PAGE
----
New Fall Shows Reviewed: ‘The New Normal’, ‘Go On’, ‘Guys with Kids’

The New Normal: Tune In

While the premise for this show might have been scandalous a few decades ago, it says a lot for how far the entertainment world has come that a series centered around a gay couple adopting is somewhat mundane.

Ryan Murphy’s new NBC comedy makes up for lack of shock factor with its impeccable cast.  Andrew Rannells (hilarious as Elliot on Girls) is spot-on as the flashy, more fashionable half of the couple.  Justin Bartha (The Hangover) provides a reliable straight man (no pun intended), who is the necessary, more level-headed partner.  The show would be lost without the perfect chemistry between the two central characters. 

The show picks up speed as the couple decide to make a baby using a surrogate mother—enter Goldie (Georgia King), a woman who’s at the end of her rope after finding out her husband is cheating on her. But what comedy would be complete without a supporting cast of crazies?  Ellen Barkin is a shining example of how to pull off a bitchy, bigot—she provides some of the show’s most outrageously funny lines as Goldie’s grandmother. (You should tune in merely to see how many analogies she can come up with for being a homosexual.) 

Casting also got it right with the little girl who plays Goldie’s daughter.  Bebe Wood is adorable without being cloying.  Add NeNe Leakes, from The Real Housewives of Atlanta fame, to the mix, and you have an ideal comedy maelstrom.

Go On: Tune In

Every actor from Friends has tried to break out from behind the curse of being pigeonholed.  It looks like Matthew Perry might have finally found the role that will help audience’s forget about Chandler.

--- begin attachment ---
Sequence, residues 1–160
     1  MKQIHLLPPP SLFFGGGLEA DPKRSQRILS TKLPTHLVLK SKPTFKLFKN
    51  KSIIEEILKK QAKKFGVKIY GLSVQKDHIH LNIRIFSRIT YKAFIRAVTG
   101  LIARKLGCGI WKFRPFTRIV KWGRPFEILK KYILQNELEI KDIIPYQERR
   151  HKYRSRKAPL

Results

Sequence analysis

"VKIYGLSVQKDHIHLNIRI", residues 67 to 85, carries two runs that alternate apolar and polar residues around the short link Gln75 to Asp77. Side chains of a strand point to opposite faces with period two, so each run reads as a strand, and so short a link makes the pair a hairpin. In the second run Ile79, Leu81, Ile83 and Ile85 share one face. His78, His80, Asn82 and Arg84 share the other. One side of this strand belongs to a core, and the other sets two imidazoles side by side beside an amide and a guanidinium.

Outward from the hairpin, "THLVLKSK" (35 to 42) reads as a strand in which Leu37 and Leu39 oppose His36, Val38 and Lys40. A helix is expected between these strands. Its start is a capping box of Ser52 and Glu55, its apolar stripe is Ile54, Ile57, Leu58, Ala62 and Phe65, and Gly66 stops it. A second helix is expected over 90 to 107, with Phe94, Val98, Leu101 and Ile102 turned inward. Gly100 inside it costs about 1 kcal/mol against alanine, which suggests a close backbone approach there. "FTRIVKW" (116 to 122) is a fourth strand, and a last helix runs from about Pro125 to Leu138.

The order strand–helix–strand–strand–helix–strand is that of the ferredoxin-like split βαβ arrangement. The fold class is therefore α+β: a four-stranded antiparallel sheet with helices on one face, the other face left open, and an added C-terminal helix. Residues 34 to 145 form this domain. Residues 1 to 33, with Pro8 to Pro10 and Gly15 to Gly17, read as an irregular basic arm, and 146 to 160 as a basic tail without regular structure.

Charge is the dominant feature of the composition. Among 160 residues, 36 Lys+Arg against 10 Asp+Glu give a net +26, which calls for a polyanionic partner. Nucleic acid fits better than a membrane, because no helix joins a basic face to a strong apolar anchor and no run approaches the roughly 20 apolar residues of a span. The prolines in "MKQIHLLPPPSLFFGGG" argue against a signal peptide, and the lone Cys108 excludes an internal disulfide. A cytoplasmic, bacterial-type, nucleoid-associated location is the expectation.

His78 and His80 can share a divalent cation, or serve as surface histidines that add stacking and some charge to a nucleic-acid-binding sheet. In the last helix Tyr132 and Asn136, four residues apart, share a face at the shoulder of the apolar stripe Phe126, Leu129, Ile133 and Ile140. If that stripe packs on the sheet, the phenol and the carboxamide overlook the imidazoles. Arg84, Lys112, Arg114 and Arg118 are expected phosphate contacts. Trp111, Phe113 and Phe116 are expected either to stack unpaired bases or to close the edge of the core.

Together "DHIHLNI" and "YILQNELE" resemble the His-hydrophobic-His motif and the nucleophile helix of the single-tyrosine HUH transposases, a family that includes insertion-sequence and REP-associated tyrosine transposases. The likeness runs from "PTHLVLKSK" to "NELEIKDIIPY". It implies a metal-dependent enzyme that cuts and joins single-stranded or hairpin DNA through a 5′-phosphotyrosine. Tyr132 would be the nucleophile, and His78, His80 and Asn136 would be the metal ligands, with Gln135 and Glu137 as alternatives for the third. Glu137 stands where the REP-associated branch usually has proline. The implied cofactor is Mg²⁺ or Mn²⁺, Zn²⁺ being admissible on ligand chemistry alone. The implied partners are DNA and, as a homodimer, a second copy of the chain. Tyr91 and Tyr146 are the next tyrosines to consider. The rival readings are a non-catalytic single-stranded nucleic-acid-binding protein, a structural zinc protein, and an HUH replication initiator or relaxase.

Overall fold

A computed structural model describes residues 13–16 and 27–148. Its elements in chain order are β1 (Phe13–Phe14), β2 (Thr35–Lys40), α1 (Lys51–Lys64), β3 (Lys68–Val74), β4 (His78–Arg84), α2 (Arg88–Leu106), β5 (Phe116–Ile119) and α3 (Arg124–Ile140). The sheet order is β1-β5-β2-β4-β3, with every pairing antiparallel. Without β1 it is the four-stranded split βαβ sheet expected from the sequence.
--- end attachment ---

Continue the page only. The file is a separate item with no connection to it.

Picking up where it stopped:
The NBC comedy focuses on Perry’s character, Ryan King, who loses his wife and is mandated to group counseling in order to return to work.  While the pilot’s writing is a little rough, Perry shines with his quick delivery and genuinely funny mugging.

The casting of the counseling group is priceless—with standout Julie White as a grieving widow with some serious anger issues.  It’s easy to see how the show can build on the original premise, with the stories surrounding the other therapy members.  Also, group members can come and go, depending on their story arcs, while still leaving space for some guest stars.  Perhaps a Friends reunion?

Guys With Kids: Skip It

NBC completely misses the mark with this comedy series, about three stay-at-home dads struggling to wrangle their kids. Comedy has come a long way since the usage of a laugh track, so the show seems ultra cheesy when anyone delivers a line followed by canned laughter.

The actors deserve way better than this script—including Jamie Lynn Sigler, best known as Meadow on The Sopranos.  The jokes are all utterly predictable.  It’s hard to imagine guys are really this clueless when it comes to kids…and pretty much every other aspect of life.

This show is more painful to watch than listening to a baby crying.

Leave a Reply
‘Call Me By Your Name’ Star Timothée Chalamet: “What scares me is being boring”
"At a certain point I was able to come to grips with the idea to just 'be.'" - Timothée Chalamet
‘Phantom Thread’ Star Lesley Manville: “It’s so easy to make someone bad look good on film. In theatre, there’s no hiding place”
"Filming is different. You’re getting a moment right. You can go in and create something very good, very quickly. That’s a different challenge to having five, six weeks to rehearse a play.” - Lesley Manville
Chadwick Boseman on ‘Black Panther’ and How He Refocused His Career
"As soon as I came to L.A., things immediately shifted for me." - Chadwick Boseman
Bernadette Peters on Returning to Broadway and Why She is Still Trying to Improve Her Craft
"You have to do your best to fulfill the role, not fulfill yourself" - Bernadette Peters
Ellen Pompeo: “Acting, to me, is boring”
"Anybody can be good on a show season one and two. Can you be good 14 years later? Now, that's a f*ckin' skill." - Ellen Pompeo